“During times of crisis and uncertainty, leaders need to make decisions quickly, even when information is incomplete. We must also embrace the mindset of continual learning because we have to be adaptive to the ever-changing challenges.”
This leadership advice comes from Ursula Dolton, chief technology officer at the British Heart Foundation (BHF). The charity funds research into heart and circulatory disease. It also supports the 7.4 million people living with these conditions in the UK.
Under her guidance, the charity navigated the many challenges brought about by the coronavirus outbreak. This included dealing with a rapid drop in income with the cancellation of many fundraising events and the temporary closure of the charity’s 750 high street shops. Like so many organisations, a combination of strong leadership and technology was key to its successful response.
In a matter of weeks, Dolton’s team:
- Enabled remote working for employees.
- Increased digital fundraising.
- Improved online service delivery for patients and families.
“It’s been tough, but it’s brought about even stronger alignment between the business and IT. It’s also pushed us to be creative in how we can better approach activities like fundraising with digital,” she says.
Innovation at a charity can never be for innovation’s sake.
“I’m constantly under pressure to make sure that we deliver innovation. We’re not short of ideas. We have hundreds of ideas because BHF is full of people who are absolutely passionate about everything they do,” Dolton explains. “But every penny we spend counts. I have to make sure innovation efforts help achieve our mission and provide true value.”
Dolton is excited about mapping and managing customer journeys to better support fundraising activity.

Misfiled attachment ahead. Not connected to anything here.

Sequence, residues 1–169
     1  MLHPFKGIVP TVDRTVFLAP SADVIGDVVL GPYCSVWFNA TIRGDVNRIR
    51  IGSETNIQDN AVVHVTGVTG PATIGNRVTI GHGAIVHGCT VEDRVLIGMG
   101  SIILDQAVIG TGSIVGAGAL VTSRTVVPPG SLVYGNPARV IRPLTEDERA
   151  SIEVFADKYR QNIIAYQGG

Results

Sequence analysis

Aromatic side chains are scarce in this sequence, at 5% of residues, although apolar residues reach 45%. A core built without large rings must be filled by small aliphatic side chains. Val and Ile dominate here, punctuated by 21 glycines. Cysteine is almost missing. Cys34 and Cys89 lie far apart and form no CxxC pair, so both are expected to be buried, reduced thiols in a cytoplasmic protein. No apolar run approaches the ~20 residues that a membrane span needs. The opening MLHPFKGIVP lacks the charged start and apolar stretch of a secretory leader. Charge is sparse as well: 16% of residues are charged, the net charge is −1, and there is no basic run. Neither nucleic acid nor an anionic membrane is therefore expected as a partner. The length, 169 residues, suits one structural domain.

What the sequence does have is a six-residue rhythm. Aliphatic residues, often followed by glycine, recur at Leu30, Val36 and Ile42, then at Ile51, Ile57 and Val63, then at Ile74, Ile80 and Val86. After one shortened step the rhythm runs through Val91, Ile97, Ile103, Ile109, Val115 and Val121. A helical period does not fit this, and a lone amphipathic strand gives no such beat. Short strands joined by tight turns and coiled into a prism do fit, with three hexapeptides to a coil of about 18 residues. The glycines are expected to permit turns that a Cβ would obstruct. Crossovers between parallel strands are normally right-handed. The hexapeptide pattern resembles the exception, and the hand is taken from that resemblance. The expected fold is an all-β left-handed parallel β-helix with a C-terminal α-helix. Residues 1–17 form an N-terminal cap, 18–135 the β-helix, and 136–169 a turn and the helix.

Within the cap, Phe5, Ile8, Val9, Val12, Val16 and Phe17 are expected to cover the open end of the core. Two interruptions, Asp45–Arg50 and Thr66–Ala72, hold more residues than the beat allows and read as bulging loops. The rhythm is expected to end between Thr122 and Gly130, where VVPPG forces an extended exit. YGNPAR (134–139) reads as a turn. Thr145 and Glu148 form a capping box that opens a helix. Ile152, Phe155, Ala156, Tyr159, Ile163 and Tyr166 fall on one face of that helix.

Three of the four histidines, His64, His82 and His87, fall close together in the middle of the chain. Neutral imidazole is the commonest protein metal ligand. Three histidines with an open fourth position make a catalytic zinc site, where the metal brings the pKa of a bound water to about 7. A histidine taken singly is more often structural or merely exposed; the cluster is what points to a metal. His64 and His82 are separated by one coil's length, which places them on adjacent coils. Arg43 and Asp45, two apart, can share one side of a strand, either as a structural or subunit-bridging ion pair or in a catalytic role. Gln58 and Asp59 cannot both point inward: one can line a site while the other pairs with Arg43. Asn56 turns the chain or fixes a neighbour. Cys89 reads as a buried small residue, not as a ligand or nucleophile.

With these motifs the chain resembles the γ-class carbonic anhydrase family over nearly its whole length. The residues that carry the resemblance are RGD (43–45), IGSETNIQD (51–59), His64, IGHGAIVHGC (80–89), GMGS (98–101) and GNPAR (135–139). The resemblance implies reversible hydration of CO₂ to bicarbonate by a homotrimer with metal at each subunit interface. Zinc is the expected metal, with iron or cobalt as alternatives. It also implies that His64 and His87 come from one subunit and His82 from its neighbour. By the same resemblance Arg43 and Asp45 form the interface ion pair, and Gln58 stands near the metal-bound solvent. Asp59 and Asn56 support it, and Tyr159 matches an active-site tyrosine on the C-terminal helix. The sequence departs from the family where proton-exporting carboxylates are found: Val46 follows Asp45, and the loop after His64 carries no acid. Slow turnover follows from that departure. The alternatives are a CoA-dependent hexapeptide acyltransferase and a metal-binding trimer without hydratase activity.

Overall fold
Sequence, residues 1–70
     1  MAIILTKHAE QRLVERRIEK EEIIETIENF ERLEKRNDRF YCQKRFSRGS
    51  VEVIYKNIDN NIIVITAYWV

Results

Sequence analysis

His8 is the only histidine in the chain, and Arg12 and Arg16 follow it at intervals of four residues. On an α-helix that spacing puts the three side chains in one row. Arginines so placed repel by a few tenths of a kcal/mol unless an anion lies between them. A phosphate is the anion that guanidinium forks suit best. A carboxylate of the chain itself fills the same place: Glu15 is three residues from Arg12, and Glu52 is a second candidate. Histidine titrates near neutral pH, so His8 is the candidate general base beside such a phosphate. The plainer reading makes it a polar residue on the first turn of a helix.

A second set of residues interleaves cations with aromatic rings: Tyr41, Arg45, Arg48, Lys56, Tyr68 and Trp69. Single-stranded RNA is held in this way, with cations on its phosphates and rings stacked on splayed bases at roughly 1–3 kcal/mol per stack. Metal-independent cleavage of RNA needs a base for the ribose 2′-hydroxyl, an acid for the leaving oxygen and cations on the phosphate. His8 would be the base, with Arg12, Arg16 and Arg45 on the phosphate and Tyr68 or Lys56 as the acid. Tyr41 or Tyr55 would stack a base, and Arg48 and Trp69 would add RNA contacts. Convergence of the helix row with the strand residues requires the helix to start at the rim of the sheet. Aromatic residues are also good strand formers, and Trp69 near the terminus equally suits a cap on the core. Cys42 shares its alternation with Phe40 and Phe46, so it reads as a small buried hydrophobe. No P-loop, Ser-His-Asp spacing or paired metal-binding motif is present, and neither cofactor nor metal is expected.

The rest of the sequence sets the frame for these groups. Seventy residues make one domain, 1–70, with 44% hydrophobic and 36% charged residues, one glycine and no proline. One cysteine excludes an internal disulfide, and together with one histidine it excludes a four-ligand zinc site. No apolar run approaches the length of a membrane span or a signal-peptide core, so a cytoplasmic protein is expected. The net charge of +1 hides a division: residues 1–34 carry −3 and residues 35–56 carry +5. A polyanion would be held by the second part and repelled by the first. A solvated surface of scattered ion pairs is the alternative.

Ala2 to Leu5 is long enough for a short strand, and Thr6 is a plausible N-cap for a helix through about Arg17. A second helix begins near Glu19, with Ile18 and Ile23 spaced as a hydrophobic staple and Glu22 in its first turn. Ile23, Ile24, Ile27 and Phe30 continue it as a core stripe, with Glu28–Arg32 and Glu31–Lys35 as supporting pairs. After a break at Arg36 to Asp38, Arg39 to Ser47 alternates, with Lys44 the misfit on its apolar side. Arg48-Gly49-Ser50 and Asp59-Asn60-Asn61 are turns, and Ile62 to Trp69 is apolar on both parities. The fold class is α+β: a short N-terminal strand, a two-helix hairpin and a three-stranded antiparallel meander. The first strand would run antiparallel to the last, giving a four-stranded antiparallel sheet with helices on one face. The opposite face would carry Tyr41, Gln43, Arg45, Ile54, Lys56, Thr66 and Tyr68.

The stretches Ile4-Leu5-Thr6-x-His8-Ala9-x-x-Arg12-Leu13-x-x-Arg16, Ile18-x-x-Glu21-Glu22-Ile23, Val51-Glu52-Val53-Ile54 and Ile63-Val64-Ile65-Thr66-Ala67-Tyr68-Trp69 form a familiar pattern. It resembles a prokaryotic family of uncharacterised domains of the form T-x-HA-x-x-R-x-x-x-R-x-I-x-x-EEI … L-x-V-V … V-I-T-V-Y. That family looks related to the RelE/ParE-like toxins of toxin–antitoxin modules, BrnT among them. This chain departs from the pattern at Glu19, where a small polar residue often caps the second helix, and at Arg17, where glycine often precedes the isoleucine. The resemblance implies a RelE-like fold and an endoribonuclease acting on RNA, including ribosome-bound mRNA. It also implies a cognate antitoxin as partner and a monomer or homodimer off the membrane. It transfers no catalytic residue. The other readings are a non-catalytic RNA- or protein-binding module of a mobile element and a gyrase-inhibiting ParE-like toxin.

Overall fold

“We want our donors to have a consistent, positive experience and ensure they’ll continue to come back,” she says. “From a tech perspective, the challenge is all around data collection, analysis and insights. The other challenge we face—along with other charities—is attracting people with the right skills without being able to offer a financial package equivalent to commercial companies.”
When Dolton joined the BHF three years ago, she had a team of 20 people in the technology function.
“Leading BHF through digital transformation was relatively easy. Technology is in my DNA. I really had to focus on the cultural side of change, motivating people to do the work we needed them to do, and getting everyone to understand that these changes were the right thing for the business. I’d say that the success of big digital transformation projects is 80% cultural.”
Today, she leads around 200 people from backend IT to frontend digital and from information security to the change team.
“What I’m proud of is that BHF as an organization truly understands the value of tech,” she explains. “Everyone came together to create one technology department. We’re delivering digitally-enabled end-to-end change across the organization. I really can’t ask for more.”